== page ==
Should Teachers Cave to Students' Cell Phone Habits?
A psychology professor tells The Fix about his controversial theory on giving students time to text during class.
Most schools have rules about cell phone use, but that hardly stops students from going to the bathroom to send texts, or checking Facebook under their desks. Teachers often try to combat this by taking away phones during class time. But Dr. Larry Rosen, a psychology professor at California State University, Dominguez Hills, has a different and startling suggestion: give in. Rosen—the author of iDisorder: Understanding Our Obsession with Technology and Overcoming Its Hold on Us—thinks teachers should let kids use their phones for one minute, every 15 minutes—like a nicotine patch for people trying to quit smoking cigarettes. He claims that banning phones in class will just make kids focus on all the texts and posts they could be missing, but that letting them check periodically will help keep them calm. “They’re building up a bunch of chemicals in the brain that cause anxiety, and the act of looking at their phone is totally designed to reduce that anxiety,’” he tells The Fix. “It’s a stimulus to your brain saying, ‘Don’t worry. Don’t get anxious. You’ll get to check in shortly.’” He worked with a French teacher to test out the program, and found it to be a great success. “[The teacher] said the students were magically way more productive and they felt like they were being respected,” he says.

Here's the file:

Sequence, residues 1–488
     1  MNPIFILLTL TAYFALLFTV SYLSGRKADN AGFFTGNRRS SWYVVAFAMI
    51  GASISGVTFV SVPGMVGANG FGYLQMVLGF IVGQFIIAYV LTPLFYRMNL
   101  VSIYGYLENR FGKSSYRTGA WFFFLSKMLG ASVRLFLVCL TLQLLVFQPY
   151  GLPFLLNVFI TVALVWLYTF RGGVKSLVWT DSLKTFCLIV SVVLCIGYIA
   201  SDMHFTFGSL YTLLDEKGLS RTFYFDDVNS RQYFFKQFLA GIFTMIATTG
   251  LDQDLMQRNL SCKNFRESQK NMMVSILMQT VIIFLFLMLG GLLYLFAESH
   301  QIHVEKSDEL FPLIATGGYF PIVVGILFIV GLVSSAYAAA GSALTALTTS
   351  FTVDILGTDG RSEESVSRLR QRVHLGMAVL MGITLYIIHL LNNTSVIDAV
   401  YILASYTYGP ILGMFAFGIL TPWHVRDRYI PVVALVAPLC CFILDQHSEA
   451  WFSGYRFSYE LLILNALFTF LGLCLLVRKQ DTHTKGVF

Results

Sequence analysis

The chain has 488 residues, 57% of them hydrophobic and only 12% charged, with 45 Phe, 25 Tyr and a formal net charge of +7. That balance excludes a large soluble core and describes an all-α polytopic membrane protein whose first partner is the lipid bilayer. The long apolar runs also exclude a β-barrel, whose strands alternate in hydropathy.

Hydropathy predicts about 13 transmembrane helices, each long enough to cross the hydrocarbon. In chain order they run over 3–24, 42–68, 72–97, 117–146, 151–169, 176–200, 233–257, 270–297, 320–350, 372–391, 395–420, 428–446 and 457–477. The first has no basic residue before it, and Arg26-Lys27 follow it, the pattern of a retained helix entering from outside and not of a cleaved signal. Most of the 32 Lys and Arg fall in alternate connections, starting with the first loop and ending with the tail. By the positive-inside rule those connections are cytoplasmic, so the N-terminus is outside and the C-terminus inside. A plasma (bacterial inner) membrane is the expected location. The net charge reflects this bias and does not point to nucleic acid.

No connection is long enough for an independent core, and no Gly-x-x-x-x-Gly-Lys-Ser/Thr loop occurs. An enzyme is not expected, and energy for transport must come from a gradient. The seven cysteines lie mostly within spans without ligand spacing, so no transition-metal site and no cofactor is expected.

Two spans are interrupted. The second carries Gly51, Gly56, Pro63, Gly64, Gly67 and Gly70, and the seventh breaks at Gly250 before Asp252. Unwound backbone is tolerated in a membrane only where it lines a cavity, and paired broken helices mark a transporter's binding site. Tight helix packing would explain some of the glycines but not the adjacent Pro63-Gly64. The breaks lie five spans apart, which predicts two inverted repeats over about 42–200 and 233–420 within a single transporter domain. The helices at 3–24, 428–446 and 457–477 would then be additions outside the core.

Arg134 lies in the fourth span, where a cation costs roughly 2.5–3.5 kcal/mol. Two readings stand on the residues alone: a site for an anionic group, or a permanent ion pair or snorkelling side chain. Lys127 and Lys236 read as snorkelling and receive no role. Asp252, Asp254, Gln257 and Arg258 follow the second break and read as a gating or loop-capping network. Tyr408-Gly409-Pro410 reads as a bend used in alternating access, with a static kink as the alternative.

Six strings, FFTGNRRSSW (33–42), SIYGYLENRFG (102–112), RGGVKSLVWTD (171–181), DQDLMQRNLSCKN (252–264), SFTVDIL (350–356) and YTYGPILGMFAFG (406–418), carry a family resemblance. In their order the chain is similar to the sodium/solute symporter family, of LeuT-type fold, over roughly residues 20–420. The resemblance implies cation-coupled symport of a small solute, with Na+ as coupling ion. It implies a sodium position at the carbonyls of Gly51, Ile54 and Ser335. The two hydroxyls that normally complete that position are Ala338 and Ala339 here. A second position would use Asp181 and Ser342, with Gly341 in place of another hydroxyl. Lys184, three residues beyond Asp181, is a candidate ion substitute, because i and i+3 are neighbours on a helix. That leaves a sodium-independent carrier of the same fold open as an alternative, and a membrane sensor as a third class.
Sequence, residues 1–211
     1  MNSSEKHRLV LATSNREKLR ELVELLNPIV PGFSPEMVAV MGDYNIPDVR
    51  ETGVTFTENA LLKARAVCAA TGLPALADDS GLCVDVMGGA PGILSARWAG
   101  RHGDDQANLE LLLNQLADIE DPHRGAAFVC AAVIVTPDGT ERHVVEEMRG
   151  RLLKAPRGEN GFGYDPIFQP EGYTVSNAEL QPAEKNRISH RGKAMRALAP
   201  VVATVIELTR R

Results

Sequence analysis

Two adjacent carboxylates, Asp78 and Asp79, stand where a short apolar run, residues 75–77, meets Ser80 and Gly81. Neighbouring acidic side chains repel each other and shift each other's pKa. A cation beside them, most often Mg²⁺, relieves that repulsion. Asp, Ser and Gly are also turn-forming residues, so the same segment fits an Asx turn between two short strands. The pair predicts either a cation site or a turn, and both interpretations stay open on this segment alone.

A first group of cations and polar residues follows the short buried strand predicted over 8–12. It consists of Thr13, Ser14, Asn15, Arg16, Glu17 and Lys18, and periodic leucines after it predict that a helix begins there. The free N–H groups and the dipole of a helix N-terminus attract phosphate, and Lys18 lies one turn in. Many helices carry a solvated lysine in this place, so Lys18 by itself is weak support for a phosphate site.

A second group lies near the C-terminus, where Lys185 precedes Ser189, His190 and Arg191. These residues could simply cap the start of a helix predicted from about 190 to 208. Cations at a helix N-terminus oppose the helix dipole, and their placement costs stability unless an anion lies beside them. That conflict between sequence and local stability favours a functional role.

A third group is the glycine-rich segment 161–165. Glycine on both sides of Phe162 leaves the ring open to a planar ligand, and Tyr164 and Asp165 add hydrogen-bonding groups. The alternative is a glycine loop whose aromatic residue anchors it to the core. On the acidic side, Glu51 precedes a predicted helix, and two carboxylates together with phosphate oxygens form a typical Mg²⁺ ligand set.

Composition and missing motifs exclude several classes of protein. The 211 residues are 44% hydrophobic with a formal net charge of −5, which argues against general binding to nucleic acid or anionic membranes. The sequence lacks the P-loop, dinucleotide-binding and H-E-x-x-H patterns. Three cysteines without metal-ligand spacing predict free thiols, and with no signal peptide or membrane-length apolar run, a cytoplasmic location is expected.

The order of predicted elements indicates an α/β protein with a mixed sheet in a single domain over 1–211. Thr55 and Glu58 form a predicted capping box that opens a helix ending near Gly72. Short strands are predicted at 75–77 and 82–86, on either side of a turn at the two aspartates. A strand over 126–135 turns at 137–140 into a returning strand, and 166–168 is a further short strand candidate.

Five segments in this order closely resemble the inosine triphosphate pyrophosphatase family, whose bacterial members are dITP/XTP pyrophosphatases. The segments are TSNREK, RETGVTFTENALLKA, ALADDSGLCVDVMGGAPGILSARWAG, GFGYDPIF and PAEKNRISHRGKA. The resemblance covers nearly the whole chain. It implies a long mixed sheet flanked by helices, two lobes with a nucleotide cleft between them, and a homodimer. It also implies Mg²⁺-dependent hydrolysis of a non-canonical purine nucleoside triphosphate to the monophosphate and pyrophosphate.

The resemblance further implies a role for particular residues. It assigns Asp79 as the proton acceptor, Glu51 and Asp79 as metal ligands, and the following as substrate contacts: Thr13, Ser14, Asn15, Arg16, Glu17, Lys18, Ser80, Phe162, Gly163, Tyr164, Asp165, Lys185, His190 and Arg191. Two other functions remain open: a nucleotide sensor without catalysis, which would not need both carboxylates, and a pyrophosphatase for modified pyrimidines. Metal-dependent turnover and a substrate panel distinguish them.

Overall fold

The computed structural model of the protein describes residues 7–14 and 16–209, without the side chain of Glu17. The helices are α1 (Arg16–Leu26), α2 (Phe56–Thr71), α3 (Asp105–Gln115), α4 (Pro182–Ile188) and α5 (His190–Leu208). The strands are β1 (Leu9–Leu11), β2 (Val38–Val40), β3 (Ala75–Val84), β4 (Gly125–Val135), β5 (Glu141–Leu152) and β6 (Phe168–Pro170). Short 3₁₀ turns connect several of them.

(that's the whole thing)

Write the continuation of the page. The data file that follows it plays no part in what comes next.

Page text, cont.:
Not everyone buys Rosen’s theory, of course. Shawn Cerra, a principal in Coral Springs, Florida, is completely against the idea of cell phone breaks for his students. “If they see something that’s upsetting or disturbing or something of interest, it would be hard pressed for them to put the phone down and listen to World War II,” he argues. And many online commenters agree that educators shouldn't cave to students’ obsessions. “School needs to be serious and focused," writes one. "There's time for entertainment and socializing during lunch and recess breaks, after school, and on weekends...after homework and chores are finished!”
But Rosen accepts that learning to focus is essential: “You know that’s absolutely true, we are catering to our students' obsessions,” he admits when we ask him. “However, what I would say is that the goal here is learning. Do you want to have a group of distracted students or do you want to try to optimize the learning environment?” Studies have shown that students generally only focus for about five to ten minutes at a time before taking a mental break anyway; so Rosen says allowing them all to break at the same time would mean they can pay more attention later. “We have created this bitchin’ technology that’s so exciting and so interesting that we’re compelled to use it,” he says. “Now we’ve got to make sure these kids are given the best learning environment, not what we as old adults think is the best learning environment.”